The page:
Dear Savvy Senior: Where can I get reliable, unbiased information on reverse mortgages? My wife and I are thinking about getting one but want to do some research first.
-- Need Money
Dear Need: For seniors that are house rich but cash poor, a reverse mortgage is a viable option, but there's a lot to know and consider to be sure it's a good choice for you. Here are some tips and tools to help you research this complex financial product.
Let's start with a quick review. A reverse mortgage is a loan that lets older homeowners convert part of the equity in their home into cash that doesn't have to be paid back as long as they live there.
To be eligible you must be age 62 or older, own your home (or owe only a small balance) and currently be living there.
You can receive the cash either as a lump sum, a line of credit, regular monthly checks or a combination of these. And with a reverse mortgage, you, not the bank, own the house, so you're still responsible for property taxes, insurance and repairs.
Currently, 99 percent of all reverse mortgages offered today are Home Equity Conversion Mortgages (HECM), which are backed by the Federal Housing Administration.
Repayment is due when you or the last borrower dies, sells the place or lives elsewhere for 12 months. Then you or your heirs will have to pay off the loan (which includes the money you borrowed plus accrued interest and fees) either with the proceeds from selling the place, or if you want to keep the house, with money from another source.
To get a better handle on reverse mortgages and how they work, there are several excellent resources you can turn to for reliable information, but you're going to need access to the Internet utilize them.
To get started, the National Council on Aging recently created a free new website called the Home Equity Advisor that's designed to help you think through the best way to leverage your home -- a reverse mortgage isn't your only option.
Just go to homeequityadvisor.org and click on their "Quick Check" tool which will ask you a series of questions about your personal and household situation to define exactly what you might need or want. Then, based on your answers, you'll receive an individualized report offering information, tools, and consumer advice on a range of possible solutions that includes reverse mortgages and other alternatives.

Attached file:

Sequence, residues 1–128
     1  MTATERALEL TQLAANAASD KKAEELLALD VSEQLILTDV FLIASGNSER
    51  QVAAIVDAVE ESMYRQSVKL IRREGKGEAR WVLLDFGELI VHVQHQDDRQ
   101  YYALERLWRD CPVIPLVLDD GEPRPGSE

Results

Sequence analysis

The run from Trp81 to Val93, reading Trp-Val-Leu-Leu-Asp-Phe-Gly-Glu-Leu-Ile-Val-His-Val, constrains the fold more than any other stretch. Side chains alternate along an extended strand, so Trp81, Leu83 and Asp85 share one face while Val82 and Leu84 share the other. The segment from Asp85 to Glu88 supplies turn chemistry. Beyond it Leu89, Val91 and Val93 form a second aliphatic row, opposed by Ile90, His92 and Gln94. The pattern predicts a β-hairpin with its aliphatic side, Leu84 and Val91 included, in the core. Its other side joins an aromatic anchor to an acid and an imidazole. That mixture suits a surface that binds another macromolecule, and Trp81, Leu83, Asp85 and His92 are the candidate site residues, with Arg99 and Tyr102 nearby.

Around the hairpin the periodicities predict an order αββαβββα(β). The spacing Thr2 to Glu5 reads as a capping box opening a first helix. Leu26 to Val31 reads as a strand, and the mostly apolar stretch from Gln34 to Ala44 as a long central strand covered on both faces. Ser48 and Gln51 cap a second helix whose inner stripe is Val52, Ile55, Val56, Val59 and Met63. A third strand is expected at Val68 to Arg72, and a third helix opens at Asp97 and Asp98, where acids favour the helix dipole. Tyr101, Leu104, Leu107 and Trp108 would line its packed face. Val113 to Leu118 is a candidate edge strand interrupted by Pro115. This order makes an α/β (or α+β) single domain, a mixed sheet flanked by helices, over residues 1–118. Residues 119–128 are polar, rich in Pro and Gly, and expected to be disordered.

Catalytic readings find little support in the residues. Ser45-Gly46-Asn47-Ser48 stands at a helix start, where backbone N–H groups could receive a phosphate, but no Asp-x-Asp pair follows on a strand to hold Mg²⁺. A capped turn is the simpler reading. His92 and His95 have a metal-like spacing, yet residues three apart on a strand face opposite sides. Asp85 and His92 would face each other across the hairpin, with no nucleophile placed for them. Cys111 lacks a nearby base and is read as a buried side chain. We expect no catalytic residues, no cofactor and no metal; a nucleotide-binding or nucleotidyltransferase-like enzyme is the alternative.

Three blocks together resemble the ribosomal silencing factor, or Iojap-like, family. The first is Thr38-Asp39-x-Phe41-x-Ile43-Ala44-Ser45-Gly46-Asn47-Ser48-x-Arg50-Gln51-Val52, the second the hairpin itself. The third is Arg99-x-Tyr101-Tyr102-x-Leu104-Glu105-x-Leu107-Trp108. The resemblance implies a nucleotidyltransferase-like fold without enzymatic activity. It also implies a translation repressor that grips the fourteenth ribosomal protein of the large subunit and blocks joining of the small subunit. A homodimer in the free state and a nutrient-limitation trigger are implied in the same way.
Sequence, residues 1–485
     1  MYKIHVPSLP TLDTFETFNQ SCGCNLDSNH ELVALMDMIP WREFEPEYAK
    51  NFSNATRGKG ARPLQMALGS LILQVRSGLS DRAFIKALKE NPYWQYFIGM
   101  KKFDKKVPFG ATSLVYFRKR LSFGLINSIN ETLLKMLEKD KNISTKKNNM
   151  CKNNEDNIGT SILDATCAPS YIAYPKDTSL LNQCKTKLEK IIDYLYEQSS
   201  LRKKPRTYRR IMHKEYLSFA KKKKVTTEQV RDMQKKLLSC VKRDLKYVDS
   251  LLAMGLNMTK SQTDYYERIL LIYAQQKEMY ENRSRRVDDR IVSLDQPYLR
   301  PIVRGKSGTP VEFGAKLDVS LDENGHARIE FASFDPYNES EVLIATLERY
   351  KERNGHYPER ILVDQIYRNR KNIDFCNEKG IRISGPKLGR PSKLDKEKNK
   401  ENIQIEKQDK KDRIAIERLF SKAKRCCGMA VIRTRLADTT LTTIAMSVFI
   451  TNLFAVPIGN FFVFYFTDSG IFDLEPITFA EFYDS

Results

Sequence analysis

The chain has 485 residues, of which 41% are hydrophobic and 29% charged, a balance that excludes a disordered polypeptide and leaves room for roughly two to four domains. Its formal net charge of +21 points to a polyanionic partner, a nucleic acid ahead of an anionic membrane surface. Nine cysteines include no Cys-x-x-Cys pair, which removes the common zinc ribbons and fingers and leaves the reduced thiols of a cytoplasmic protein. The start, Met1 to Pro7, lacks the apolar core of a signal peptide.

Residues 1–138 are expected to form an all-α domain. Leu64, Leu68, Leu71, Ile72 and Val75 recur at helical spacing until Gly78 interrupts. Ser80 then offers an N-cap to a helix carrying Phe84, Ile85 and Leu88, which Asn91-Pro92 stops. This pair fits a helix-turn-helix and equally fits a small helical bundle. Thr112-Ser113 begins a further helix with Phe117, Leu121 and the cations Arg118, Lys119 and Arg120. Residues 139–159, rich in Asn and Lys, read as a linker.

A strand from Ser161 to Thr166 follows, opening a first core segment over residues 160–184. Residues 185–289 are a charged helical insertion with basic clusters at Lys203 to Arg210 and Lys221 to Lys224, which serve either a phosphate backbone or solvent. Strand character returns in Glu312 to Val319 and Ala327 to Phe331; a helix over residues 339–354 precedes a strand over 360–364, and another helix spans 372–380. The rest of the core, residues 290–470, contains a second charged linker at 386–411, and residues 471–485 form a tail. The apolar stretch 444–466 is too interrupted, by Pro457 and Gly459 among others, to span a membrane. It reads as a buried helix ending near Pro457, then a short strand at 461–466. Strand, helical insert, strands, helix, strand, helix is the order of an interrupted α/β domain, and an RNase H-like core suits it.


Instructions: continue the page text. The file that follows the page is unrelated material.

If you find that you are a good candidate for a reverse mortgage, your next stop is at reversemortgage.org, a new consumer website created by the National Reverse Mortgage Lenders Association.
This site offers lots of educational information including "Your Road Map" which will help guide you through all the features of reverse mortgages and the process of obtaining one.
It also has a calculator to estimate how much you'd be eligible to receive from a reverse mortgage, and offers has a comprehensive directory of licensed HUD-approved mortgage lenders, banks, and credit unions that offer reverse mortgage loans in your state.
Another important resource to help you understand the pros and cons of a reverse mortgage and how it would work in your particular situation is through counseling.
In fact, because reverse mortgages are such complicated products, the federal government requires that all reverse mortgage borrowers receive counseling through a HUD approved independent counseling agency before they take out a HECM loan.
Counseling can be done in person or over the phone and some agencies today provide it for free or at a minimal fee. Some locations charge around $125. To locate counseling agencies in your area, visit hud.gov/offices/hsg/sfh/hecm/hecmhome.cfm or call 800-569-4287.
Send your senior questions to: Savvy Senior, P.O. Box 5443, Norman, OK 73070, or visit SavvySenior.org. Jim Miller is a contributor to the NBC Today show and author of "The Savvy Senior" book.